In the present study keeping in view the nutritional needs of growing children, the nutritional supplement provided was scientifically formulated with 38 key nutrients to support cognitive function, natural immunity, normal growth and development, gut health, bone health and decrease fatigue in children between 2-12 years. The changes in height, weight and BMI were visible as early as 3 months and substantial after 6 months of use. This is in line with the reports of the European Food Safety Authority (EFSA) which noted that young child formulae and supplement consumption was the shortest way to cover the EFSA nutrient requirements of UK children . Previous studies reported positive association between specific nutrient intake such as protein, DHA, dietary fibers or calcium with linear growth and development, suggesting that intake of certain nutrients may be specifically important to promote growth . Nutritional supplements not only aid in improving the health status of normal children but are also useful for children with Attention-Deficit Hyperactivity Disorder (ADHD), autism etc [11,12].
The results of our trial support the results of the study which determined the 1-year effectiveness and safety of nutritional supplementation with the study formula on linear growth and weight gain in short and lean prepubertal children. Throughout the entire year height continued to improve, with a total gain of 0.19 ± 0.14 SD. The study concluded that 1 year of a nutritional supplement was effective in promoting the linear growth of short and lean prepubertal children, with no change in body mass index status .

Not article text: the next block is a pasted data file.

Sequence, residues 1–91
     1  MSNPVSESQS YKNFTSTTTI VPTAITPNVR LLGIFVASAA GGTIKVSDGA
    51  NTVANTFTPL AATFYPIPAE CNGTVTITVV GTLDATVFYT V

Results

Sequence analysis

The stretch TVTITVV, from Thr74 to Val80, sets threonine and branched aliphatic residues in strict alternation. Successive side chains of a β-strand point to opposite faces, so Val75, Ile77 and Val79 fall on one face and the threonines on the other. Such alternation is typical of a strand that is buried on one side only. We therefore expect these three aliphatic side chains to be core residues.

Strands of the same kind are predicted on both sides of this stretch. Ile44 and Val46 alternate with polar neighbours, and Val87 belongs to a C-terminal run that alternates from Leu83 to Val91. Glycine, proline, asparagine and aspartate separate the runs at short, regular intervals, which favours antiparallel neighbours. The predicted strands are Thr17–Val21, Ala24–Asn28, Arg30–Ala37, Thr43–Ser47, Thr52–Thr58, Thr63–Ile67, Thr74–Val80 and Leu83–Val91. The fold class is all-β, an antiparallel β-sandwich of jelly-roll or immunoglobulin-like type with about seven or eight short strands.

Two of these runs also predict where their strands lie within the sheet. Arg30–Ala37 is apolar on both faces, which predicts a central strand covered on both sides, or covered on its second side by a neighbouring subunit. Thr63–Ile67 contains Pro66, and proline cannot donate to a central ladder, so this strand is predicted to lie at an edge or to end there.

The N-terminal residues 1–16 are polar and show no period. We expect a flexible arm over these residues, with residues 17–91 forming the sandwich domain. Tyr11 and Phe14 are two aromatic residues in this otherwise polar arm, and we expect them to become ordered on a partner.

Some limitations of this current 6-month study include absence of a comparator, restricting the enrolled children to healthy individuals and limited assessment parameters. The present study however paves a way for further recognizing the nutritional needs of children in India and also identifying suitable interventions that can be recommended to correct malnutrition/under nutrition. The Government should also play a crucial role in eradicating nutrition related problems by providing easy access to the supplements. Further studies are required to assess the clinical effectively and safety of such nutritional supplements in a larger group of population with or without disease conditions.
In 6 months of observational study, young children of age 2-12 year supplemented with ONS as nutritional supplement to their diet, led to significant increase in height, weight and BMI. No adverse effects were observed across the study.